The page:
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Dunkley questions legitimacy of committee

Michael Dunkley, the former premier, questioned last night if a parliamentary committee established to inquire into a clash between protesters and police outside the House of Assembly had been properly set up.

The Parliamentary Joint Select Committee was designed to investigate a clash between police and demonstrators who blocked Parliament in December 2016.

Protesters were pepper-sprayed, and several officers reported they were assaulted after the demonstrators stopped MPs from entering the House of Assembly for a key debate over legislation for the controversial redevelopment of LF Wade International Airport.

The seven-member group, chaired by Progressive Labour Party MP Kim Swan, began meeting last month.

In a letter sent on Monday to Dennis Lister, the Speaker of the House, Mr Dunkley wrote that “it is my understanding that a resolution to establish this Joint Select Committee has not yet been passed by each House of the Legislature” in accordance with the Parliament Act.

Mr Dunkley said he would be “more than willing” to appear before the committee, and that a January 30 letter from Mr Swan had requested a statement of his actions at the time of the protest, when he was premier.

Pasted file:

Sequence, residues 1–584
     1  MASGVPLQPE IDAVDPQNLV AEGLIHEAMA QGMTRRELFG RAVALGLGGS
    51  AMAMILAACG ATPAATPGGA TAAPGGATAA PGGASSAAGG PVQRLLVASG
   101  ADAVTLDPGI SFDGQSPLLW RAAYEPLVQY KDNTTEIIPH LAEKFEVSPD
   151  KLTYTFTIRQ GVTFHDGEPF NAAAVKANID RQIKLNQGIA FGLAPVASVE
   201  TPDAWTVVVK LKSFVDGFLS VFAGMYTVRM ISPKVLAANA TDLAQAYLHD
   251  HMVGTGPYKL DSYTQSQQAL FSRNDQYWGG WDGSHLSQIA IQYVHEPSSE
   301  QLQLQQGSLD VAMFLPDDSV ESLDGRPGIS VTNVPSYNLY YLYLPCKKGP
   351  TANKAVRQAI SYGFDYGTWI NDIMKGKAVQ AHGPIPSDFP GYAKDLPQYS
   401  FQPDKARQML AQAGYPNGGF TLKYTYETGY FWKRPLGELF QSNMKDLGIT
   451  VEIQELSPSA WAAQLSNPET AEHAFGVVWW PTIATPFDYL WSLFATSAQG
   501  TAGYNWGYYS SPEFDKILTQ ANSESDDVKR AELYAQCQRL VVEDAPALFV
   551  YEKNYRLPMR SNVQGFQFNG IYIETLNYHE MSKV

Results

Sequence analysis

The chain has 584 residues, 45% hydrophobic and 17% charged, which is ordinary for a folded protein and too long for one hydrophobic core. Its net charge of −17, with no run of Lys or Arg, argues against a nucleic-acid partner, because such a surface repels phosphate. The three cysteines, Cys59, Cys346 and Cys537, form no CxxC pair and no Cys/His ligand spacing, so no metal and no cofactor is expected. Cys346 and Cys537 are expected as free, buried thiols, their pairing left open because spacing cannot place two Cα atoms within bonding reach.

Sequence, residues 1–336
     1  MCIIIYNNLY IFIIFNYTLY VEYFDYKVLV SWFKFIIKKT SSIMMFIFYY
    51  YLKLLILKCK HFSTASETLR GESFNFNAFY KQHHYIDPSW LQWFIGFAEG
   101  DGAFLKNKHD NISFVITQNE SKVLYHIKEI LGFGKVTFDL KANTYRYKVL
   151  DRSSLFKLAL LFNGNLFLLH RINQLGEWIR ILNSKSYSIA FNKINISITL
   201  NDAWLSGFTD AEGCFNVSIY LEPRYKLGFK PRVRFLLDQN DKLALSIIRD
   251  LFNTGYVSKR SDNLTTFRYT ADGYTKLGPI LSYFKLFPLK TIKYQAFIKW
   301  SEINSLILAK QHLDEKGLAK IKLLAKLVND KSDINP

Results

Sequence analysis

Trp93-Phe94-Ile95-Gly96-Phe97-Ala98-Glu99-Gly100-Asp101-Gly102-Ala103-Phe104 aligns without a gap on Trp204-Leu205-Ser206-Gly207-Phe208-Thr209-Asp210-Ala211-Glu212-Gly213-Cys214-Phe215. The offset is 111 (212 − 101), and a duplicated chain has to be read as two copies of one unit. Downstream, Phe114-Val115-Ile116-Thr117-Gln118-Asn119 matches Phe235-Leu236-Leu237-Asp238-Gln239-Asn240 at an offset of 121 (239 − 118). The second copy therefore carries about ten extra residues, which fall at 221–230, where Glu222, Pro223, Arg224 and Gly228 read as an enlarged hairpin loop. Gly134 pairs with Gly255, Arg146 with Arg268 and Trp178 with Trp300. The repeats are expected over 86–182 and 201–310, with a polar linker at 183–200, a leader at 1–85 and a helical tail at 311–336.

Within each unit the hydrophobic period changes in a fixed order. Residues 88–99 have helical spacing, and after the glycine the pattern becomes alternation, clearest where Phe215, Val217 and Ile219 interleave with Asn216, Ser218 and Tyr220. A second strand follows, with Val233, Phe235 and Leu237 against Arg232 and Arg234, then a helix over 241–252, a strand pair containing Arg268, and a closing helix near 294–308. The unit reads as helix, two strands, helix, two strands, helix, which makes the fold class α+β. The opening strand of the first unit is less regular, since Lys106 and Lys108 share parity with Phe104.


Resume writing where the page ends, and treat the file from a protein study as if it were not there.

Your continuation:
He added that standing orders of the House allowed for a Joint Select Committee to be appointed at the request of either Parliament or the Senate with the approval of the other House.

Mr Dunkley said that “to the best of my knowledge this has not been done”.

He added: “Thus, in my view, it is not properly constituted and, until it is, it has no jurisdiction or authority to commence any proceedings with the result that no work should be done”.

The One Bermuda Alliance MP added in the letter that he was “most concerned that certain members of the PJSC will not be able to conduct themselves in an unbiased way having regard to the comments made by them during this debate”.

Along with Mr Swan, the committee members selected by Mr Lister were Joan Dillas-Wright, Senate president, PLP MPs Tinée Furbert, Michael Scott and Neville Tyrrell, OBA MP Ben Smith and OBA senator Andrew Simons.

Mr Swan declined to comment on Mr Dunkley's letter yesterday and said the committee's work was a matter for the Speaker.

Mr Lister said he had not yet seen Mr Dunkley's letter.

He added: “We are on the eve of starting the next parliamentary session.

“This whole country knows that my approach is to be fair to every member, no matter which side of the political spectrum they sit upon.”

Mr Lister added: “If Mr Dunkley wants to address this properly, I will arrange for us to sit and have this discussion.”

Mr Dunkley said that he had “the greatest respect for the Speaker”, and that Mr Swan's letter had asked him to reply by this Friday, when MPs return to the House.

He added: “December 2 was a very serious matter and I want to make sure I do everything I can to comply with a duly constituted PJSC.”

Constitutional challenge: Michael Dunkley (File photograph by Blaire Simmons)

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Published February 07, 2018 at 8:00 am (Updated February 07, 2018 at 7:05 am)

Dunkley questions legitimacy of committee

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